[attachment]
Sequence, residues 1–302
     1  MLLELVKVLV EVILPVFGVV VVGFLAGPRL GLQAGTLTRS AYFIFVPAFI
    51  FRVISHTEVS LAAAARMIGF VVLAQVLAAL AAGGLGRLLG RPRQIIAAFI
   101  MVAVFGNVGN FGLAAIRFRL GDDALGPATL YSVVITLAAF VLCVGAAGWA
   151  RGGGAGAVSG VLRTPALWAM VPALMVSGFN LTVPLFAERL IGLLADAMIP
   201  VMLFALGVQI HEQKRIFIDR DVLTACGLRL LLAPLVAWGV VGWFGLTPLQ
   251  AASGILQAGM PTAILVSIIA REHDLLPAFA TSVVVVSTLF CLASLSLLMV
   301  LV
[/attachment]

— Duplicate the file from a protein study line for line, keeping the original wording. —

Sequence, residues 1–302
     1  MLLELVKVLV EVILPVFGVV VVGFLAGPRL GLQAGTLTRS AYFIFVPAFI
    51  FRVISHTEVS LAAAARMIGF VVLAQVLAAL AAGGLGRLLG RPRQIIAAFI
   101  MVAVFGNVGN FGLAAIRFRL GDDALGPATL YSVVITLAAF VLCVGAAGWA
   151  RGGGAGAVSG VLRTPALWAM VPALMVSGFN LTVPLFAERL IGLLADAMIP
   201  VMLFALGVQI HEQKRIFIDR DVLTACGLRL LLAPLVAWGV VGWFGLTPLQ
   251  AASGILQAGM PTAILVSIIA REHDLLPAFA TSVVVVSTLF CLASLSLLMV
   301  LV